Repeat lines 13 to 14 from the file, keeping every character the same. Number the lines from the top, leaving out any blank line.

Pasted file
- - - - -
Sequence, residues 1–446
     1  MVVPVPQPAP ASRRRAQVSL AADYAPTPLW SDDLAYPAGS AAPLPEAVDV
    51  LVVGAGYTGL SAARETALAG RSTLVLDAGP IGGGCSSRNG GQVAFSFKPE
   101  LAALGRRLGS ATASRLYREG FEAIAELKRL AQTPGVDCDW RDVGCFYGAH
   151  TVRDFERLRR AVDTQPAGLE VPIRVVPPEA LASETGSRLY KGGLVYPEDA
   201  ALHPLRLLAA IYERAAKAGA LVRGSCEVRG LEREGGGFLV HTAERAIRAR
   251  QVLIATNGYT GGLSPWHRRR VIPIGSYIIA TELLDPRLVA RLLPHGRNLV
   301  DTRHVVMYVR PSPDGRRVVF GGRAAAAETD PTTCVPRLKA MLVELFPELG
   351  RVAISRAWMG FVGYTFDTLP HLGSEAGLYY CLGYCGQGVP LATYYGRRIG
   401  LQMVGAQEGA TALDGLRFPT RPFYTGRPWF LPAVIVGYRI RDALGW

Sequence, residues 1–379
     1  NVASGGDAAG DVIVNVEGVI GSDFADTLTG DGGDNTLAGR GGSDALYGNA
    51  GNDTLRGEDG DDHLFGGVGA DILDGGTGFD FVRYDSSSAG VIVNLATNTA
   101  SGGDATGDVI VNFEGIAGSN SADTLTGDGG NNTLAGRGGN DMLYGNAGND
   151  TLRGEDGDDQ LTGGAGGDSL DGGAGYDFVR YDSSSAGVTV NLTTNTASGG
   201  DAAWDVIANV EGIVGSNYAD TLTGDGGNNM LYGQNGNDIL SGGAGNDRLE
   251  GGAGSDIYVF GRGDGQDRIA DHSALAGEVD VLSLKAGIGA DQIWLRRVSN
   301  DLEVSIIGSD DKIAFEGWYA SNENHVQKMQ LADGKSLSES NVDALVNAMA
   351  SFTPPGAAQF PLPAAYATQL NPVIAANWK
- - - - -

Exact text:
    51  GNDTLRGEDG DDHLFGGVGA DILDGGTGFD FVRYDSSSAG VIVNLATNTA
   101  SGGDATGDVI VNFEGIAGSN SADTLTGDGG NNTLAGRGGN DMLYGNAGND